Virtually nothing good is ever done by any politician. Almost all sane voters admit each election is just a question of damage control. Given how vague most successful politicians’ stated philosophies are, that becomes an exercise in predicting at what kinds of things a given politician is most ignorant or inept.
I think we can all agree that Hillary Clinton, who was yesterday’s real winner, is not much of an ideologue—basically a Progressive corporatist with hawkish tendencies who wants donations to her foundation and as much praise as she can get from both Wall Street and Main Street without rocking any boats. Nothing too revolutionary there—perhaps even the least-dangerous major-party choice come November. Who knows?
But one also senses that she’s too callous to worry about the details if her mistakes crush people. Witness her surprising frankness in promising a crowd that she’s going to “put a lot of coal miners out of work.” Admirably forthright, in her blundering, sociopathic way—and not harboring any fantasies about getting Kentucky to vote Democrat for the first time in 20 years, I guess. I just wish people would be as tolerant of short-term pain wrought by the market as they appear to be of recurring pain inflicted by politicians.
After all, since electoral politics offers no hope of any kind, the smart person these days bets on long-term solutions arising from science and markets, disruptive though they are. Create efficient enough non-grid energy production from backyard fusion reactors or something, for instance, and maybe we won’t have to argue, fight wars, and devise long-term worker-retraining programs over the coal or oil industries anyway. I’m against subsidizing solar panels—or anything else—but I hope business-oriented activist networks like ALEC won’t stand in the way of things like rooftop solar panels if and when they become independence-fostering sources of home energy and profit, which will depend at least in part on institutional conventions likely to be decided by government, with an awful lot of input from old industries.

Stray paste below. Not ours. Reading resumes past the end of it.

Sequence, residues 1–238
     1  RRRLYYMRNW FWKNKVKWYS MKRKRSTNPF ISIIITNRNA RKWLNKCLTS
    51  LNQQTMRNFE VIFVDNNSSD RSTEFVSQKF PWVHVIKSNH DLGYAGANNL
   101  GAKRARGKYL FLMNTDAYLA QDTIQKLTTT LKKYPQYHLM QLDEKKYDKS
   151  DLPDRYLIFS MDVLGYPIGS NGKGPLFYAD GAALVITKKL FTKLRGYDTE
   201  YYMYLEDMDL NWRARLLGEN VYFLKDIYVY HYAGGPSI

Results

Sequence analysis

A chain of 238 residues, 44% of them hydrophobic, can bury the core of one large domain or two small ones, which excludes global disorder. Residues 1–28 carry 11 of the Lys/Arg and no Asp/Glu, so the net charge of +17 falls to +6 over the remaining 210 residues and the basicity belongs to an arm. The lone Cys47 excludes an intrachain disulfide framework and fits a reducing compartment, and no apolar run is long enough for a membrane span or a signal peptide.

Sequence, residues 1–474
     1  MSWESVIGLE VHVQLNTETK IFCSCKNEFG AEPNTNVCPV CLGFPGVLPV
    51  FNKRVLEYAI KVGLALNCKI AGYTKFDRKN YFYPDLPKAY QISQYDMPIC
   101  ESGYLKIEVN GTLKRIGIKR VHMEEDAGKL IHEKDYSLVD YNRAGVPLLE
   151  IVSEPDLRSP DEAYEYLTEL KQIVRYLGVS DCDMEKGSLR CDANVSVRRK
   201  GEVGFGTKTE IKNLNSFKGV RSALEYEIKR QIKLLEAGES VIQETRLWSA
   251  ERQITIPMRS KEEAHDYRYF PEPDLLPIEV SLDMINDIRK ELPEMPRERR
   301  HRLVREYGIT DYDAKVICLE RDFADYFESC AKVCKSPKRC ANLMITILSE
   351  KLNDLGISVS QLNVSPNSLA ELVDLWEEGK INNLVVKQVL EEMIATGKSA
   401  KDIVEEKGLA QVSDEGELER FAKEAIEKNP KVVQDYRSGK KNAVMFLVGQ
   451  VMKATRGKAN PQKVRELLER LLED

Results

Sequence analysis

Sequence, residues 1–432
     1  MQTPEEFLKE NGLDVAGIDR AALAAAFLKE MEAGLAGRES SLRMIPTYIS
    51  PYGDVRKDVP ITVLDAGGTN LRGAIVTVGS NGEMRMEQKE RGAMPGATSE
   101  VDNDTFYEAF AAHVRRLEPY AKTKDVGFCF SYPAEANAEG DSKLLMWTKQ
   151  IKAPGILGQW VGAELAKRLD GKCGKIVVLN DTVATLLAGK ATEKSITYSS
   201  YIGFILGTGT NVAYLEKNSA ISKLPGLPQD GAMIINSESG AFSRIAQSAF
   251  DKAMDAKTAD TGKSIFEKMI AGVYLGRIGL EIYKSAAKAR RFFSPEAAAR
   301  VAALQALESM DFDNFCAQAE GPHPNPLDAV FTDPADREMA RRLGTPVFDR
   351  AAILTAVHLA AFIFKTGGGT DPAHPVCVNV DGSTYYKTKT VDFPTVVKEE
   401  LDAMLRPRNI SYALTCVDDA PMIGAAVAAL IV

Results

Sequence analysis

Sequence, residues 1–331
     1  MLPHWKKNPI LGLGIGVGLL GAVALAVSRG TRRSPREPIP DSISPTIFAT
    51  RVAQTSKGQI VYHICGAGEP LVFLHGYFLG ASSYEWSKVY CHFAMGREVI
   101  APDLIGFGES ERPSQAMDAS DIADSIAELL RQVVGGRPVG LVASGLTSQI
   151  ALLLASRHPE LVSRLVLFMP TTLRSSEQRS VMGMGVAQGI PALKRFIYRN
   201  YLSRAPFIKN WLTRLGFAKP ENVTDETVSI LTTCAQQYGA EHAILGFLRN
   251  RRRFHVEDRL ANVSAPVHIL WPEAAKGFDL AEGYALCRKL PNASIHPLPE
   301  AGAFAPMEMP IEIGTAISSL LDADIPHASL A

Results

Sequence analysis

The energy grid as it currently exists is a particularly large, messy example of public/private overlap—the zone on the Venn diagram where Clinton and other cronies feel most at home—but it shouldn’t be a tool for keeping people beholden to the existing distribution system if they could as easily be going their own separate ways. Similarly, we don’t want to live in a world where, say, revolutionary advances in personal flying craft are delayed by the fact that it’s hard to reform the FAA or to stop Congress funding highways.
Don’t get me wrong, for now I laugh as much as the next bourgeois, mainstream citizen at the average white-trash hippie guru who claims he’s going to generate his own power and live in the woods, but we must not let old cultural prejudices blind us to the future. The day will come when the hippie has the tech to make good on all his dreams and can survive without making pleas on Kickstarter for donations to make his lifestyle appear “sustainable.”
And if that day comes sooner than expected, believe me, President Hillary Clinton is not going to sound like a radical child of the 1960s. She’s going to partner with large energy and infrastructure companies to create a single, monolithic plan for all America that can be rolled out years later, long after many hippie innovative households have gone bankrupt, deservedly or not.
In short, at a time when we’re getting tantalizingly close to being able to make big changes, Clinton is in some sense the conservative choice, but in ways both good and bad. If anything drastic changes on her watch, it will likely be over her efforts to stand in the way, regulating, hectoring, and taking a cut of the loot and the credit all at the same time. That’s all the mushy-middle corporatists do.
Here’s hoping Ted Cruz or someone remembers that the really big, revolutionary changes in this country don’t spring from government, nor from public/private partnerships, not even the ones so old and boring we forget that they’re there. Politicians, if they must continue to exist, should be volunteering as loudly as possible to get out of the way. Absent that, I suppose voters can’t be blamed for picking one who doesn’t seem likely to make any sudden, confusing moves.
—Todd Seavey can be found on Twitter, Blogger, and Facebook, daily on Splice Today, and soon on bookshelves with the volume Libertarianism for Beginners.